If it’s not true, the expression within the first “else” which is another “if” statement is executed. If it’s true, the output is set to 10 otherwise the expression within the next “else” statement is evaluated.
As you can see, there’s another “if” statement within the “else” branch of Line 11.
A two-bit signal, “sel”, is used to choose the desired input and assign it to “out1”.
The code for this example is as: 1 module Mux4_to_1( 2 input wire a, 3 input wire b, 4 input wire c, 5 input wire d, 6 input wire [1:0] sel, 7 output reg out1 8 ); 9 always @* 10 case (sel) 11 2'b00: 12 out1 = a; 13 2'b01: 14 out1 = b; 15 2'b10: 16 out1 = c; 17 default: 18 out1 = d; 19 endcase 20 endmodule When “sel”=00, the output is equal to “a”. Figure 2 shows an ISE simulation of the above code.
When there is only one expression within a branch, the “begin” and “end” keywords can be removed.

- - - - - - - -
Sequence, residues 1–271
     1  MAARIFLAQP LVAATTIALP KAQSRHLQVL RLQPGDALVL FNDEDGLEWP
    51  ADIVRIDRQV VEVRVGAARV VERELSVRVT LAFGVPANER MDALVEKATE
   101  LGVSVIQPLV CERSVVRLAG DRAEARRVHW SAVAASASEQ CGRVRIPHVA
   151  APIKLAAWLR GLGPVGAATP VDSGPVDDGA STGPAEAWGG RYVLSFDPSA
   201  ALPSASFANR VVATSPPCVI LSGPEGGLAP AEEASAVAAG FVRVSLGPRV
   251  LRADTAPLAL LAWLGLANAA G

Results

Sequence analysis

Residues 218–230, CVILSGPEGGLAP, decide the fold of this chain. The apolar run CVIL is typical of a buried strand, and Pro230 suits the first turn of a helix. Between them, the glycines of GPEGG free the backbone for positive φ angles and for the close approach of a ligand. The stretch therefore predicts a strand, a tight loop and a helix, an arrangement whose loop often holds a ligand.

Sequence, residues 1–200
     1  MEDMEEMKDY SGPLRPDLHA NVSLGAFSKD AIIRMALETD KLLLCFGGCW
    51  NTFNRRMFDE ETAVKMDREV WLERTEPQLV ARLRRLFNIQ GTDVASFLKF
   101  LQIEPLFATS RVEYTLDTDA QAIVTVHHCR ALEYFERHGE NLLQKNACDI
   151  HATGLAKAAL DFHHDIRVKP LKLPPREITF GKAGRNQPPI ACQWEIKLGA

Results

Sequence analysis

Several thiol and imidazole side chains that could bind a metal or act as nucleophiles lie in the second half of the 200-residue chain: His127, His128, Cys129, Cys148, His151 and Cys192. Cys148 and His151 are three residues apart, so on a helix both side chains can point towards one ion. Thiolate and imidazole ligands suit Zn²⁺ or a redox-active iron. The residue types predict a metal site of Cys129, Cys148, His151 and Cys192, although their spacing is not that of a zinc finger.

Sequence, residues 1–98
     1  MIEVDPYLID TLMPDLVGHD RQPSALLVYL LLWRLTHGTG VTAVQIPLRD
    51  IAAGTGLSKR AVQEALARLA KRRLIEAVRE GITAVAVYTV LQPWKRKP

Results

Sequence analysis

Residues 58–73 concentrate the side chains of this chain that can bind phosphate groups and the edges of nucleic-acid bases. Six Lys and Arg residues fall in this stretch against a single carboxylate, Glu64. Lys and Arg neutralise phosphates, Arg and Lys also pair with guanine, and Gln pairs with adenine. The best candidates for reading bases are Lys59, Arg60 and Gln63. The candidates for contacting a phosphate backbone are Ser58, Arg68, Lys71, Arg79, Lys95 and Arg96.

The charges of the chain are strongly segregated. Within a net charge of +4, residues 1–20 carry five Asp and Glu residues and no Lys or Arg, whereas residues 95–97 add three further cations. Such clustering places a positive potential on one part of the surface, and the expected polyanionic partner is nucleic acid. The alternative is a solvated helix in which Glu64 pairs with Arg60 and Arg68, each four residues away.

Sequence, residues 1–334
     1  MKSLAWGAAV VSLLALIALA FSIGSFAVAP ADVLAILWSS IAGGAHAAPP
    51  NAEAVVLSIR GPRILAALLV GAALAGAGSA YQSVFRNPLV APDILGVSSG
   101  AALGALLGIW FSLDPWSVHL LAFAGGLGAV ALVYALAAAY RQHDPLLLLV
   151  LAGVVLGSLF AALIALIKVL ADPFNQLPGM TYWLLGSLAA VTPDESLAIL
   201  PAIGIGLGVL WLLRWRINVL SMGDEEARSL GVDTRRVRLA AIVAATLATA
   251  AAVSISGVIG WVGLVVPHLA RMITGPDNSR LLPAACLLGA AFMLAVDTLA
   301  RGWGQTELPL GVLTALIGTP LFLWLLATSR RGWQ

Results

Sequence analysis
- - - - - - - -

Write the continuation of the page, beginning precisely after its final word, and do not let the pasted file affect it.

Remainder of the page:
A more complex functionality can be described by using nested “if” statements.When the procedural statements under several branches of a “case” statement are the same, we can merge them in a single branch and make the code more compact and readable.For example, consider the truth table of a 4-to-2 priority encoder.This article explains the use of Verilog “If” and “Case” statements to describe a combinational circuit.We’ll also take a look at the Verilog “Casex” and “Casez” statements and briefly discuss the potential pitfalls of using these two statements.In a previous article describing combinational circuits in Verilog, we discussed that the Verilog conditional operator can be used to check a condition when making an assignment with the “assign” keyword.Inside an “always” block, we can use the Verilog “if” statement to implement a similar functionality.The following example clarifies this point: When “addr” is 001 or 011, “out” should be 00. What branch will be selected by the “casex” statement? 1 match x11 so the default branch should be chosen and "out" should be 00.However, as mentioned above, the bit locations that contain z or x values will be masked no matter they are in the branch expression or in the expression within the parentheses after the “casex” statement.When describing a combinational circuit using an “always” block, we should list all of the inputs in the sensitivity list.Instead of listing all those inputs, we can simply use @* as used in Line 6 above.